New report exposes hidden threat: PFAS presence in pesticides

In a joint report released today, the NGOs Générations Futures and Pesticide Action Network (PAN) Europe shed light on a previously overlooked concern: a specific category of pesticide active ingredients that are officially recognized as 'PFAS' or Per- and Polyfluoroalkyl Substances.



Since the release of the film "Dark Waters," PFAS, often referred to as "forever chemicals," have become a growing concern for the general public. Their significant persistence in the environment has made them an especially worrying group of substances, prompting the European Union to propose to restrict their use and phase them out. However, pesticides have been left out of the regulatory proposal. These substances, which are widely used in agriculture, are clearly identified as hazardous molecules for health and the environment. Many people are unaware that pesticide active ingredients can be PFAS, or that products formulated with pesticides can contain PFAS. That's what we're revealing today in a report that details the scale of the situation. 


The report's findings

Unlike PFAS pollution resulting from industrial leaks via atmospheric emissions or aqueous effluents, these PFAS pesticides are widely used and deliberately sprayed directly into the environment. 

PFAS pesticides are used as active substances to enhance their stability, which, in turn, keep them effective longer.

In Europe: 37 active substances currently approved for use in pesticides are PFAS, representing 12% of all approved synthetic substances.

In France: 30 PFAS pesticide active substances are currently authorised, i.e. 13% of all synthetic substances authorised. Their sales have more than tripled since 2008. In 2021, 2332 tonnes of PFAS active substances will be sold in France.


Why are these substances problematic?

Based on an analysis of the authorisation dossiers for the 10 PFASs with the highest sales in France, we can confirm that the vast majority of these substances are persistent in the environment or give rise to persistent metabolites like TFA (Trifluoroacetic acid). This means that there is a significant risk of accumulation of these chemicals in the environment from repeated use in agriculture. In addition to being persistent these substances have other toxic properties that give rise to concerns for their impact on the environment and/or human health, while unacceptable risks have been identified by health authorities for several of them.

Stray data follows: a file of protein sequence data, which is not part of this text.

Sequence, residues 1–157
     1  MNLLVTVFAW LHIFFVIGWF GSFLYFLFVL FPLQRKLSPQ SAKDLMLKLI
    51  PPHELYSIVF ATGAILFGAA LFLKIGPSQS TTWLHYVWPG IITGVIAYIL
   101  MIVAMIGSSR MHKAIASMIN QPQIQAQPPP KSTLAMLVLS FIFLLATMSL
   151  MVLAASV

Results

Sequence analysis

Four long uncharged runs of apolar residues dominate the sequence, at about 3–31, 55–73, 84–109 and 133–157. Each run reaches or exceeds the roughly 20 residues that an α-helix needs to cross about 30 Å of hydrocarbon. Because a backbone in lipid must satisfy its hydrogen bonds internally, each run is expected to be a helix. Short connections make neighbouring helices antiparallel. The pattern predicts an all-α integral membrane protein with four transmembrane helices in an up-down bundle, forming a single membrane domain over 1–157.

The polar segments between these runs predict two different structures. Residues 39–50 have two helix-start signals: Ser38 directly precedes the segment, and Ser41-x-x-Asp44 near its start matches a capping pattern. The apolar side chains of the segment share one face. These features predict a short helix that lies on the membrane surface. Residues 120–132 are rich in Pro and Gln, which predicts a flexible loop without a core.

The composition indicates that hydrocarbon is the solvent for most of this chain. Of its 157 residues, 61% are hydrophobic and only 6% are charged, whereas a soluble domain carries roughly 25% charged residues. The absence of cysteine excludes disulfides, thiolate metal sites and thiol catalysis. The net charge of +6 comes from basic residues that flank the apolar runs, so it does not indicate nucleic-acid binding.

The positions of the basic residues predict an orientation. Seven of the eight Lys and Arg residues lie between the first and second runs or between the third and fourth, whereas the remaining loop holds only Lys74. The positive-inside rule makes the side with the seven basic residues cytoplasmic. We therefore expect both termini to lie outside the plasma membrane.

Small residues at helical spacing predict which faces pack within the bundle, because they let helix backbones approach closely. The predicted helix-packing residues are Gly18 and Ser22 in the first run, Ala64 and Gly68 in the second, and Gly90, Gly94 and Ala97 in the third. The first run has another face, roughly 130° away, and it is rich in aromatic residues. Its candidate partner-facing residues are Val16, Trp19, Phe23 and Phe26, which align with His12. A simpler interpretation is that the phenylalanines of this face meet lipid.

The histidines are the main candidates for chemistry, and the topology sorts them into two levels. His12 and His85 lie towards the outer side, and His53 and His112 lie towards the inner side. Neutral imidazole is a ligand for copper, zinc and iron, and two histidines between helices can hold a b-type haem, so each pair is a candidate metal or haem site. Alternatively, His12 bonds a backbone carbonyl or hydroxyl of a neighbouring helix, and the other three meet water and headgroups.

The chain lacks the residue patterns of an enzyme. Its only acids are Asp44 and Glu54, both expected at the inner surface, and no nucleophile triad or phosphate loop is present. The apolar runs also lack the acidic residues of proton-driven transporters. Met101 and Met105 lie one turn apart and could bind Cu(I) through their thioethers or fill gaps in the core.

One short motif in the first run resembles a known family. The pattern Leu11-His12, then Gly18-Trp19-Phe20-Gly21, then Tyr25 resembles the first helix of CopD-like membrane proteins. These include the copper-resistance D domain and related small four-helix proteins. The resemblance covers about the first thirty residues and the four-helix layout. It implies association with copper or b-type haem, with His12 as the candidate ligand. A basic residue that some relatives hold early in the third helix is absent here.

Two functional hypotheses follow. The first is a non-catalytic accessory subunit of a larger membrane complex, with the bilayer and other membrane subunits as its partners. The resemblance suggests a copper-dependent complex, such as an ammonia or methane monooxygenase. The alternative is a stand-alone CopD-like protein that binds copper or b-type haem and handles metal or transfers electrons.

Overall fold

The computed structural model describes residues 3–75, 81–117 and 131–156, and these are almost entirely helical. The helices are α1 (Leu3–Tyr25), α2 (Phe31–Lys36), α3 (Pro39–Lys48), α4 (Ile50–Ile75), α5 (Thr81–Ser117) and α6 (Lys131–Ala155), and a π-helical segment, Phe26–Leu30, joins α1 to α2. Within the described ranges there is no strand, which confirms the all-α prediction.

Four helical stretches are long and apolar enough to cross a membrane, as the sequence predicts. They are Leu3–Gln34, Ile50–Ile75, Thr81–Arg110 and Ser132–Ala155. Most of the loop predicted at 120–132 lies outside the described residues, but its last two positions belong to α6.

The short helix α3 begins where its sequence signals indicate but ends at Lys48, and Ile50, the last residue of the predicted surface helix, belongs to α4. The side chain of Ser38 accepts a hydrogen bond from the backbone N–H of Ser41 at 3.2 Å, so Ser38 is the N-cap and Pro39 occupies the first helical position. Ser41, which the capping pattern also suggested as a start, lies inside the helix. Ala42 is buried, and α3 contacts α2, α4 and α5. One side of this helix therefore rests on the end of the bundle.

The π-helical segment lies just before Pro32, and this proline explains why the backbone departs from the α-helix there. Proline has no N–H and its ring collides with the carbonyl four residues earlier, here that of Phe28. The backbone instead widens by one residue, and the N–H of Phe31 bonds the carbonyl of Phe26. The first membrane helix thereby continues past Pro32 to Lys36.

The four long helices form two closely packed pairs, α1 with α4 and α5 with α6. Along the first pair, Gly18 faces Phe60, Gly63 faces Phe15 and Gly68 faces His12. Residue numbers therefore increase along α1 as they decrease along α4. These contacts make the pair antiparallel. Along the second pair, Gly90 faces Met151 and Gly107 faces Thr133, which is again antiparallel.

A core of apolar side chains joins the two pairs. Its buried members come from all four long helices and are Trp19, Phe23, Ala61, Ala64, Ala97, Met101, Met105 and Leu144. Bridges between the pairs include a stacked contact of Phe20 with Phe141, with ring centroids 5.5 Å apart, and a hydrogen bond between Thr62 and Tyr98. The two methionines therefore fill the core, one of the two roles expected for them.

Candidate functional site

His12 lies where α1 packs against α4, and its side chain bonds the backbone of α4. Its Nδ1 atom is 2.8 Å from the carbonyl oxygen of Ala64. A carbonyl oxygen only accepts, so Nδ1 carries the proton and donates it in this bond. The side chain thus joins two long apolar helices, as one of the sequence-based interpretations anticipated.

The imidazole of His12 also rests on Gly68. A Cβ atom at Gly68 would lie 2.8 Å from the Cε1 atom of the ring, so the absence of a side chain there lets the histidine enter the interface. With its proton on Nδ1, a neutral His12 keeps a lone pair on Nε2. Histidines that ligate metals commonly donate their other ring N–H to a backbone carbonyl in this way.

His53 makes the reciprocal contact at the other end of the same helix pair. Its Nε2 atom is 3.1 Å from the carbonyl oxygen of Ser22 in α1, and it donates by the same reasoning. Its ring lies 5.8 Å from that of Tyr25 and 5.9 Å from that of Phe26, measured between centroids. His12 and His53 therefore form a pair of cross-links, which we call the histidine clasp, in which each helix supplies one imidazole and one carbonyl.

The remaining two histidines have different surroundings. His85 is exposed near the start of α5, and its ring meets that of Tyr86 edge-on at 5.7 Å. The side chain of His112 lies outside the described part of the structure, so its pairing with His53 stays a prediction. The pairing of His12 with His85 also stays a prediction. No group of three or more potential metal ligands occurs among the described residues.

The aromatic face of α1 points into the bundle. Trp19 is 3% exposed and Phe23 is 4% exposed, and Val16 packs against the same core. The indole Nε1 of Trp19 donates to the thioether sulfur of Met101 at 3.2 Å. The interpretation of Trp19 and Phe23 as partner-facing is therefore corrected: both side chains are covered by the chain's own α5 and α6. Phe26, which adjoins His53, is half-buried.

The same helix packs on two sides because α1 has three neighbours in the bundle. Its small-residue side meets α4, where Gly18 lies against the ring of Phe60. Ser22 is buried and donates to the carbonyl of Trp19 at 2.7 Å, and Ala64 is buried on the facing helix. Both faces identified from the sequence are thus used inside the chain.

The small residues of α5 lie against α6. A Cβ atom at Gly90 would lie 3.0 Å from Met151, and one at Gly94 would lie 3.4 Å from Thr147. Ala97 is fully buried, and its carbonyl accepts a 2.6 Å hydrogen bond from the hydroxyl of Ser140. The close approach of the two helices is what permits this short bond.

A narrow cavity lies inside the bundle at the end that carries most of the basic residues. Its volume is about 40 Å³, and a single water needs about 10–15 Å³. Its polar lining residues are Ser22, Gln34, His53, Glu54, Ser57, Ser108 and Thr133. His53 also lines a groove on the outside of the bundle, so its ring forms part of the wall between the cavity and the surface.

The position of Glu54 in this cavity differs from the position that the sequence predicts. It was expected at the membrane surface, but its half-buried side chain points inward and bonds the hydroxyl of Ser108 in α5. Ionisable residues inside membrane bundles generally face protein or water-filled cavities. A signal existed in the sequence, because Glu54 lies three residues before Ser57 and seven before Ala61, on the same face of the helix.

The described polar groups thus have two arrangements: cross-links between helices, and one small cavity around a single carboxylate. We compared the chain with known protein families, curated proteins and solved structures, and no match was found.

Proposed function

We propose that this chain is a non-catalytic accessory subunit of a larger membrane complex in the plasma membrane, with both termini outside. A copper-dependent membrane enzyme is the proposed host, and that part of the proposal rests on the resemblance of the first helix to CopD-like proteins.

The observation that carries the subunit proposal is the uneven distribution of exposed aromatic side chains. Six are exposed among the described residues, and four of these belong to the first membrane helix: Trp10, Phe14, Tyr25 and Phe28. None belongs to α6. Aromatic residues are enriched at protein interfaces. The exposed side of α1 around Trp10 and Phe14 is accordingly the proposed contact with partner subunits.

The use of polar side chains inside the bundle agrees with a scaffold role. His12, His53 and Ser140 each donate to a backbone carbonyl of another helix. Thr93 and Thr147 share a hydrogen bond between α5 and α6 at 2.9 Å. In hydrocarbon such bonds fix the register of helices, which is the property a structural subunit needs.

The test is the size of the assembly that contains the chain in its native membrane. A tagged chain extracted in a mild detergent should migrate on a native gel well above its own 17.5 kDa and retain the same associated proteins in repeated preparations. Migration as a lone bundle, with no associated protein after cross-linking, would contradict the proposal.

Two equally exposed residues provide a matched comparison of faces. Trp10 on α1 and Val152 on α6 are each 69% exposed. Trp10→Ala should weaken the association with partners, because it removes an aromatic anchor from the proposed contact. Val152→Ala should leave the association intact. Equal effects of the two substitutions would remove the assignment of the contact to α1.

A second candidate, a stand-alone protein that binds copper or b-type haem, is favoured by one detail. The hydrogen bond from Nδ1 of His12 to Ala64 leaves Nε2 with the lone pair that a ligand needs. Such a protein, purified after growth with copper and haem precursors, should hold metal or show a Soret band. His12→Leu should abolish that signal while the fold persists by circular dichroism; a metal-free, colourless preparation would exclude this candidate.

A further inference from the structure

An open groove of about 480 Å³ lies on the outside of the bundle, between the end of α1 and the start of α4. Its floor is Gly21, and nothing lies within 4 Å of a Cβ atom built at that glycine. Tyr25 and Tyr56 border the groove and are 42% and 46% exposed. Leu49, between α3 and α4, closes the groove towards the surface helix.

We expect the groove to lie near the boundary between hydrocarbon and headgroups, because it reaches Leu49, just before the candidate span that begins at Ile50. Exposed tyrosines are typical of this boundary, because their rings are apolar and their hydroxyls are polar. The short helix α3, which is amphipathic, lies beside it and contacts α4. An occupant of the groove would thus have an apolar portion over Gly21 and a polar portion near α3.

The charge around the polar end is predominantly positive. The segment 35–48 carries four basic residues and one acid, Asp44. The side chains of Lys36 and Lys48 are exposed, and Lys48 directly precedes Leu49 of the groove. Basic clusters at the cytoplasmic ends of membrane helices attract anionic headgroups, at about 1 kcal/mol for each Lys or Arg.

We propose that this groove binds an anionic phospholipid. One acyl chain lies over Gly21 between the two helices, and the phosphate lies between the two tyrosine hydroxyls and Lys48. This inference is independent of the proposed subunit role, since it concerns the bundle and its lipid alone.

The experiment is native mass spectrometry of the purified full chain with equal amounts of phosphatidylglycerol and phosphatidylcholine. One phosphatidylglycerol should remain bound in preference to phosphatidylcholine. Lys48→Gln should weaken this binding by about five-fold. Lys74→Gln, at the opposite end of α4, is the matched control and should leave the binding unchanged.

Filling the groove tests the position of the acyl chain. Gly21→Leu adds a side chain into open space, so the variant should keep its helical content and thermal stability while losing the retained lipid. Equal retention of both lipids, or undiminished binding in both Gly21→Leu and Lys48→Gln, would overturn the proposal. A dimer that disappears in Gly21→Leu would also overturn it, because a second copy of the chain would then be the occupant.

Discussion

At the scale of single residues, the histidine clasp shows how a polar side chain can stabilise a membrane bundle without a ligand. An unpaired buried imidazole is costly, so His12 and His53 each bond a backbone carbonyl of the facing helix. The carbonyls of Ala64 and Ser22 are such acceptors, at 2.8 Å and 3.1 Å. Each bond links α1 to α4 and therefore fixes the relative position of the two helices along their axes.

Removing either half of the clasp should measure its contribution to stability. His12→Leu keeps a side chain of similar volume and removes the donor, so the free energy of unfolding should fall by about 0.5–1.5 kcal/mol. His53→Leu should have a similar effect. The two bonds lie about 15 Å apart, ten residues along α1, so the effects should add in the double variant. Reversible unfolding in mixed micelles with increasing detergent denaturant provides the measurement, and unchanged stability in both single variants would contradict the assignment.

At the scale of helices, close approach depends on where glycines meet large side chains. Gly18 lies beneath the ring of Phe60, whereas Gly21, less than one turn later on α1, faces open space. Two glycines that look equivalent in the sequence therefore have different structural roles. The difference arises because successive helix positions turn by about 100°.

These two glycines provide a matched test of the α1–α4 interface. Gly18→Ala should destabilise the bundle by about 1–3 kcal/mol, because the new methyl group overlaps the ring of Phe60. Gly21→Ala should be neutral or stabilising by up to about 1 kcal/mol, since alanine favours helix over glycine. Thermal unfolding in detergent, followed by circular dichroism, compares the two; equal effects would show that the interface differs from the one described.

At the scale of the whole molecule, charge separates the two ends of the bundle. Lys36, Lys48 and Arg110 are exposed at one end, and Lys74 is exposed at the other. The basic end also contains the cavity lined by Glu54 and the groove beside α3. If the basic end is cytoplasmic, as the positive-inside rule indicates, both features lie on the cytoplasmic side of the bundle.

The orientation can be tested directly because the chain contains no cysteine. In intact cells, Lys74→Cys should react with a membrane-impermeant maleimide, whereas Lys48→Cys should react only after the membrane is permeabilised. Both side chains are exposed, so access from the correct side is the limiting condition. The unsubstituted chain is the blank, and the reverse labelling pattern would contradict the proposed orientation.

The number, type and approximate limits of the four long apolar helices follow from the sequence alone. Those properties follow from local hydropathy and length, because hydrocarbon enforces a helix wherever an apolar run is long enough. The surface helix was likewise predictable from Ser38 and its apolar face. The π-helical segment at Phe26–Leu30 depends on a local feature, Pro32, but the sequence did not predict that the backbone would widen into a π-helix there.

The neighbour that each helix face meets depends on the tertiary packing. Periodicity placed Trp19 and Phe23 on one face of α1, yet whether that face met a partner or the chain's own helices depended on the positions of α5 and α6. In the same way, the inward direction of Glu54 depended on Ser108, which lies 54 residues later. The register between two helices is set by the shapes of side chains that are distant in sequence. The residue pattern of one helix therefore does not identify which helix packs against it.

PFAS and European Regulation

The EU currently has an ambitious plan to restrict the use of PFAS in Europe, but PFAS pesticides have been excluded from the scope of this restriction. The main argument is that these substances are already covered and sufficiently regulated under the Pesticides Regulation.

According to the Pesticides Regulation, pesticides authorised in the EU should cause no adverse effects to humans and no unacceptable effects on the environment. However, as our report reveals, the Regulation is not implemented in practice and harmful pesticides such as PFAS continue to get approved for use in the production of our food. The assessment carried out by health authorities has many shortcomings, allowing these substances of very high concern to be authorised: 

  • Persistence alone is not considered a property of sufficient concern to ban pesticides
  • The toxic properties of PFAS metabolites have not been thoroughly assessed. 
  • The endocrine disrupting properties of PFAS are poorly assessed.
  • Cocktail effects are not assessed, even though marketed products sometimes contain several PFAS active substances.

Inadequate risk management by public health authorities: 

  • PFAS are systematically approved or their approval is extended even when health authorities have identified unacceptable risks ("areas of critical concern") or the risk assessment has not been completed (data gaps).
  • PFAS pesticide active substances that are considered "candidates for substitution" are not actually substituted and continue to be used.
  • The authorisation for the most used PFAS pesticide Flufenacet - a direct source of TFA in water - for example has been prolonged eight times while awaiting the results of the reassessment
  • Failure to apply the precautionary principle

“It is shocking to find that PFAS, with their long-lasting environmental impacts, are intentionally sprayed on fields and food. Given all the identified risks, their use should stop immediately.” says Angeliki Lysimachou, Head of Science and Policy at PAN Europe.

“It is urgent to ban this source of PFAS pollution. These pesticides should be included in the  PFAS restriction currently being prepared at European level. That will take time, so we immediately need a better implementation of the pesticide regulation. We propose to apply the precautionary principle required by law and ban all PFAS pesticides now," says Salomé  Roynel, Policy Officer at PAN Europe.

"The aim is to stop people and the environment being exposed to these forever pollutants. There should be no exception for pesticides." concluded Pauline Cervan, toxicologist and project leader of Générations Futures.



  • PAN Europe:

    • Salomé Roynel, Policy Officer on Pesticide Risk assessment: salome [at] 
    • Angeliki Lysimachou, Head of Science and Policy, angeliki [at] 
  • Générations Futures:
    • Pauline Cervan, Toxicologist and project leader, pauline@géné 


© Pesticide Action Network Europe (PAN Europe), Rue de la Pacification 67, 1000, Brussels, Belgium, Tel. +32 2 318 62 55

Pesticide Action Network Europe (PAN Europe) gratefully acknowledges the financial support from the European Union, European Commission, DG Environment, LIFE programme. Sole responsibility for this publication lies with the authors and the funders are not responsible for any use that may be made of the information contained herein.